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Enjoy color with the Hue Shift Afghan!

Now that it's cuddle-up-on-the-couch season, it's just the right time for a new afghan. Add a little splash of color to your decor with the Hue Shift Aghan! This afghan is knit in Garter stitch mitered squares. The squares are picked up and knit off of each other in four large segments, so that the only seam required is to stitch the four segments together. Because of this, it makes an easy travel project, because no one section is very large. The 10 colors in the patterning of the afghan are arranged in such a way that they create a wash of 100 slightly different, shifting shades. This pattern is available in two colorways as a ready-to-knit kit: Rainbow and Decor. But, if you want to create your own colorful masterpiece, get the downloadable version and choose your own palette. With a little imagination, the color possibilities are much greater! For instance, if you wanted a rich, jewel-toned blanket, try these colors...

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Choosing colors for Colorwork

A very common question I get is, "how do I pick colors for my colorwork project?" The short answer is that that's a really personal decision. You know what colors you like or that you like to wear, and there's no set aesthetic regarding what colors 'should' go together. (believe me, since art school, my personal color palette includes all of them!) Generally, a safe bet for a 2-color sweater is to go with a light and dark version of the same color. So, that means a dark red and light red, dark blue and light blue, and so on. These colors can be interchangeable, so it can be a light or dark background. This is great if you have a favorite color in mind, or want to be completely sure that the colors will look good together. If you want to use two colors that you know go well together, be sure to use a light version of one and a dark version of the other. That said, choosing a basic palette for a garment starts with a few basic steps.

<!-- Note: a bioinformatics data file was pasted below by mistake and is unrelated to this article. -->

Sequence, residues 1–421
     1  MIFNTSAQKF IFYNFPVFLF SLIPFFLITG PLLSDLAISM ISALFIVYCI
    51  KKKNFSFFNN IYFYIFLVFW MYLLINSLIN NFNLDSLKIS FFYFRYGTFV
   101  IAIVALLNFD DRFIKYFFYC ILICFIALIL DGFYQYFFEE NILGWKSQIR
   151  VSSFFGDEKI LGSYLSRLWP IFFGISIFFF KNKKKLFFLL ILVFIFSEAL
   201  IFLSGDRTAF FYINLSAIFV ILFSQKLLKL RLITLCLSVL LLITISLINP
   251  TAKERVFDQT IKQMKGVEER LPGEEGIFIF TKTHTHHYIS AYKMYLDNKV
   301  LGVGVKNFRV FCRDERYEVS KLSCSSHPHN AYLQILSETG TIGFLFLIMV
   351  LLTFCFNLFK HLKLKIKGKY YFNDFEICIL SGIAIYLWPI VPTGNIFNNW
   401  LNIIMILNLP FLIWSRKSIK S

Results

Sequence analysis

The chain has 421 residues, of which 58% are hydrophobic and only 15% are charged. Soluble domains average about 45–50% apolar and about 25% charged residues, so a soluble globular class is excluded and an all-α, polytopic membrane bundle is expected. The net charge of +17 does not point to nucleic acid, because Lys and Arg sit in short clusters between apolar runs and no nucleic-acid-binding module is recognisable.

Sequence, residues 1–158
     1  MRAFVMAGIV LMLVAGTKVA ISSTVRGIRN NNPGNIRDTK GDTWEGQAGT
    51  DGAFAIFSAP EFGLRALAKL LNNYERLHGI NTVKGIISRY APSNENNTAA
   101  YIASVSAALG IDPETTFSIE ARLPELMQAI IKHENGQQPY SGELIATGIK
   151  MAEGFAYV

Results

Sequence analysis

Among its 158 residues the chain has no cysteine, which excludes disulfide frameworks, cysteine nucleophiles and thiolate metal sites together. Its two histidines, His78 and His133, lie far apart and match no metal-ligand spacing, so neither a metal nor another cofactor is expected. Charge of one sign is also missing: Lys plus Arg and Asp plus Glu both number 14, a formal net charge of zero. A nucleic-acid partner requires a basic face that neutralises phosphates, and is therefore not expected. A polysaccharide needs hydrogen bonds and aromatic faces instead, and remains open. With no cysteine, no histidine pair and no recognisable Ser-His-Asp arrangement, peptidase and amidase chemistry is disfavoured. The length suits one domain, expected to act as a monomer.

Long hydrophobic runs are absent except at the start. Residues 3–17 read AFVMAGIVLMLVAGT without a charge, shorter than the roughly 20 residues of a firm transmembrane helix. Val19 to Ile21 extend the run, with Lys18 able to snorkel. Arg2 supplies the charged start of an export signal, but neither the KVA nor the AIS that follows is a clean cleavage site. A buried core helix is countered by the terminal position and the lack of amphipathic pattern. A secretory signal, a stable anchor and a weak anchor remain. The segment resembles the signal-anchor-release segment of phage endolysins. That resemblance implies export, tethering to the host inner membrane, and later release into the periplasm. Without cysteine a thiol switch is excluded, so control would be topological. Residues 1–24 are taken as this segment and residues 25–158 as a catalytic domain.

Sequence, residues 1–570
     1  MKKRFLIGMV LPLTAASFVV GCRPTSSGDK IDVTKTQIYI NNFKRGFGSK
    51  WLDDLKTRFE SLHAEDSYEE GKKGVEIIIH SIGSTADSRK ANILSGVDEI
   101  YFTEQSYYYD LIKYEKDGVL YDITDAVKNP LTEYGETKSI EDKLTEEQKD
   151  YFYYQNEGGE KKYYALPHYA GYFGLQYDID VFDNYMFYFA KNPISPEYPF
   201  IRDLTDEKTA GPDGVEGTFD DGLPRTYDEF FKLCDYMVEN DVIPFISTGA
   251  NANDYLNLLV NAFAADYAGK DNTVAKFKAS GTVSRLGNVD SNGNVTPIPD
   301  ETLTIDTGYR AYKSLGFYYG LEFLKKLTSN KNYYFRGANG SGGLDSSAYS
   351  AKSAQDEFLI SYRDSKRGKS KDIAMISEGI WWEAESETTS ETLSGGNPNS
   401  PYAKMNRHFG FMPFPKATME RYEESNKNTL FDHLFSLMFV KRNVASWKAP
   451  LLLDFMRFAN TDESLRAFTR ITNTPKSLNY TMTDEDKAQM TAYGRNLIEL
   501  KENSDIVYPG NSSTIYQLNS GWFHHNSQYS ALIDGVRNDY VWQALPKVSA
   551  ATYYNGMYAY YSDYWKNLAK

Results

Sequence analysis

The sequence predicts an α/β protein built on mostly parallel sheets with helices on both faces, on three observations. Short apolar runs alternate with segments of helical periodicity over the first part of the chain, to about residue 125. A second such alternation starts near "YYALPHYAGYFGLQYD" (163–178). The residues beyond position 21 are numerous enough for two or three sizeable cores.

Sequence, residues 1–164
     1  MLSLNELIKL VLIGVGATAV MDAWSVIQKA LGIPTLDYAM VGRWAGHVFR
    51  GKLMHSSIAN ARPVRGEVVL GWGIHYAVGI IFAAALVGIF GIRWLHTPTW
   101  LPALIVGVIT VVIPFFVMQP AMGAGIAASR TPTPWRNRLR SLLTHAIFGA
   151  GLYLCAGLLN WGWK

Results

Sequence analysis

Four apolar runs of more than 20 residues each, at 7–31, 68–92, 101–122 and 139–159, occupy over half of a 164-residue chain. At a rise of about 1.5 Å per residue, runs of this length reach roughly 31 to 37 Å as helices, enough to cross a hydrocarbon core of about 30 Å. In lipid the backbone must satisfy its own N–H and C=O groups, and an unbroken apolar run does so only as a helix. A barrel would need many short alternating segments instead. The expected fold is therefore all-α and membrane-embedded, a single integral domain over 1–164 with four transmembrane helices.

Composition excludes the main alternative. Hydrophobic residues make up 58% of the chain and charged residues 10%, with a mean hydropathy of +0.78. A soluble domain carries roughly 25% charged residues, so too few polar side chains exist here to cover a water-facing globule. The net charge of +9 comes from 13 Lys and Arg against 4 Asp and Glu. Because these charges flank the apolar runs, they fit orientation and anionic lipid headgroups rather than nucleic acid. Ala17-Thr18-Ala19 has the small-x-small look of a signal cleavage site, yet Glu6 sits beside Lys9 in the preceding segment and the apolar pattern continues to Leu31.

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54408b80b579fTuva
Designing a modern Bohus

Bohus sweaters are known for their subtle gradients of color and the fuzzy halo that gives them an almost ethereal glow. The tradition of Bohus sweater knitting is a recent and colorful one, inspired by many other European knitting styles and the fashions of the mid 20th century. The most recognizeable Bohus item is the yoked sweater. Though the typical elements of a Bohus-style sweater can be applied to lots of items like gloves and hats, a colorful stranded yoke really shows off the techniques used. Careful planning of increases, multiple colors in each row, knit and purl stitches and slipped stitches create a texture unique to Bohus knitting. This texture can make even the simplest motif, like stripes or dots, look exotic and unexpected. When I began thinking about Tuva, I wanted color to become the real focus, and let the stitches help to show them off. I didn't want this to be subtle - and immediately jumped for a vivid rainbow. With so many elements to balance, designing a Bohus-style yoked sweater presents some interesting challenges.